She was barely more than four years old and I’d only gone about a kilometre before she yelled out from the sidelines, “Keep running fat girl!”
Kids actually make this race. They line up with their grubby hands outstretched for a high-five and I love it when they screw their faces up with a grimaced “euuuw” as they come into contact with your sweaty palm.
At the 8th mile one particularly bedraggled lad was offering out orange quarters from a bucket. I could have kissed him as I took it from him. I’d been hallucinating on the joys of oranges for the last few miles. I could see hundreds of discarded skins on route but didn’t hold out much hope of their being any left for the slow pokes at the end. The Great North Run spectators are so generous with their support and their treats and it was particularly impressive this year with the constant drizzle and occasional downpour.
After breakfast Dan joined us to wander down to the start line. We probably took it a bit too leisurely as we couldn’t even squeeze past the crowds to make it into the coloured pens before the race started. There seemed to be more people than ever trying to cram themselves onto the dual carriageway. We had plenty of time to eye up the opposition though including one old dear who we’d pegged as a lost spectator but who actually turned out to be a competitor – Gladys was her name. Here she is crossing the finish line about 4 minutes ahead of me, and she isn’t even sprinting.
It took 40 minutes for the crowd to clear enough for us to cross the start line. I was fit to drop before we started but as my four year oldfriend said, I just had to keep on running. I did just that. I hit an in-year record for my 5k time, not very good pacing but impressive nonetheless. At 5 miles an old geezer pulled alongside me and informed me that I was keeping a good pace – 15 minute miles he reckoned. I would have been happy with this comment if the old fella hadn’t been walking comfortably alongside me. I upped my pace and escaped.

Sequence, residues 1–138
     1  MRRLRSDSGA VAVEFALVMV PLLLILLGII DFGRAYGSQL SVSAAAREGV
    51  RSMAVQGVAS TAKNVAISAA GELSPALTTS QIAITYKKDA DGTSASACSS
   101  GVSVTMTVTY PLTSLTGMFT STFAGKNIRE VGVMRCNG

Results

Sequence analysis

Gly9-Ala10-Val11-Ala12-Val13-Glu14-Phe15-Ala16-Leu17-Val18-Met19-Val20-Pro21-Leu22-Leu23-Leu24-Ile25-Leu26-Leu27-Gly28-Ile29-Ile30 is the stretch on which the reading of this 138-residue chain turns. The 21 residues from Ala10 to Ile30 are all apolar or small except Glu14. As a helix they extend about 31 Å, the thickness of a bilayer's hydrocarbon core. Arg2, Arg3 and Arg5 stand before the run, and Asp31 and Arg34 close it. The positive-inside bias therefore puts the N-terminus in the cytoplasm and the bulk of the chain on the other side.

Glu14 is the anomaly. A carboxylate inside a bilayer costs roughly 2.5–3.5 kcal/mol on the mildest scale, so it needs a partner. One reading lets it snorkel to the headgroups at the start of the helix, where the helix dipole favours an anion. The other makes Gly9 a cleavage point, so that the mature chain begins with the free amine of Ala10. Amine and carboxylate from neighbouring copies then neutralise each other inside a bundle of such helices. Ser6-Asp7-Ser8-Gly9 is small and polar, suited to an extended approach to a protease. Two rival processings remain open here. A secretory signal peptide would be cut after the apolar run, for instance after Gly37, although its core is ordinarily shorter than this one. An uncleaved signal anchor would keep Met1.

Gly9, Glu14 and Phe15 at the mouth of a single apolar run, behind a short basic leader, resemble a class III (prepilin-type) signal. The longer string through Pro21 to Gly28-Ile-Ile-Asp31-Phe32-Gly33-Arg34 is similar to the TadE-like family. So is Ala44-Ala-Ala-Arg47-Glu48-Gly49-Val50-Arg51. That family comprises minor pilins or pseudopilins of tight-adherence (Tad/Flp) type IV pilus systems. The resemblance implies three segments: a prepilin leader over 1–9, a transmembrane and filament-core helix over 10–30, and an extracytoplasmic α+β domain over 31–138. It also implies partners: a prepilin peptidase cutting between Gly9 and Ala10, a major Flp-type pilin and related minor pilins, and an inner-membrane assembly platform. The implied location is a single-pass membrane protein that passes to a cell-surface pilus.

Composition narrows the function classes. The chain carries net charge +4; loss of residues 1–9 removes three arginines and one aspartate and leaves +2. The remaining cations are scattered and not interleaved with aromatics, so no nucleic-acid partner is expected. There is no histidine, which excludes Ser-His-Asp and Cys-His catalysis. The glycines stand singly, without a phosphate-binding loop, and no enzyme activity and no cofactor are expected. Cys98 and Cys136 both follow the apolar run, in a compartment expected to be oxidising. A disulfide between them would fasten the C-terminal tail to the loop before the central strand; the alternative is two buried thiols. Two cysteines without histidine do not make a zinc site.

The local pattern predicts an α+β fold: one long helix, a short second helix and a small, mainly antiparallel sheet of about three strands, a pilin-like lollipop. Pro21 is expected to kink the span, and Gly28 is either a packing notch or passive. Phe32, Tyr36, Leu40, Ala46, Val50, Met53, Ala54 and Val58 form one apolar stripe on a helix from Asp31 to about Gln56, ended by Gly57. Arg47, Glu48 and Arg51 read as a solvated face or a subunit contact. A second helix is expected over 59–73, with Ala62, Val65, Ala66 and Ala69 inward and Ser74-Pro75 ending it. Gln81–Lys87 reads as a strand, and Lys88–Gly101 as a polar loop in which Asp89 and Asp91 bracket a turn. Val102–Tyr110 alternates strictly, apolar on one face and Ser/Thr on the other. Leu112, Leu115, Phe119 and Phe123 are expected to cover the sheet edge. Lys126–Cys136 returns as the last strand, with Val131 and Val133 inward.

My pace seemed to die around the 9th mile from then on I lost a couple of minutes for each remaining mile. I felt ok really, my legs weren’t suffering as much as usual but I was on autopilot, head down, eyes closed. I couldn’t seem to alter the pace after slowing down for an uphill trog.
At 10 miles I was broken emotionally, I was on a rollercoaster of weeping triggers. The first was a picture of young man on the back of t-shirt, a dad, dead of prostate cancer already. So many people run with powerful messages it’s too hard not to choke up. The second was the red arrows swooping over the Jarrow Rd and third, that actually did see me sobbing was the sight of the sea on the slope down to South Shields. There is still more than a mile to go but it’s the best indication, short of the finish line, that marks the end of the pain.
From here on in I was gasping from the increased effort and the choked back tears. Both Lynn and my parents had come down to support me and I knew I was going to see them any minute. It’s a lovely experience to collapse over the finish line after such a gruelling effort and find all your loved ones around you.
Yes, this event holds a special place in my heart.
Race t-shirt can be seen on the t-shirt page.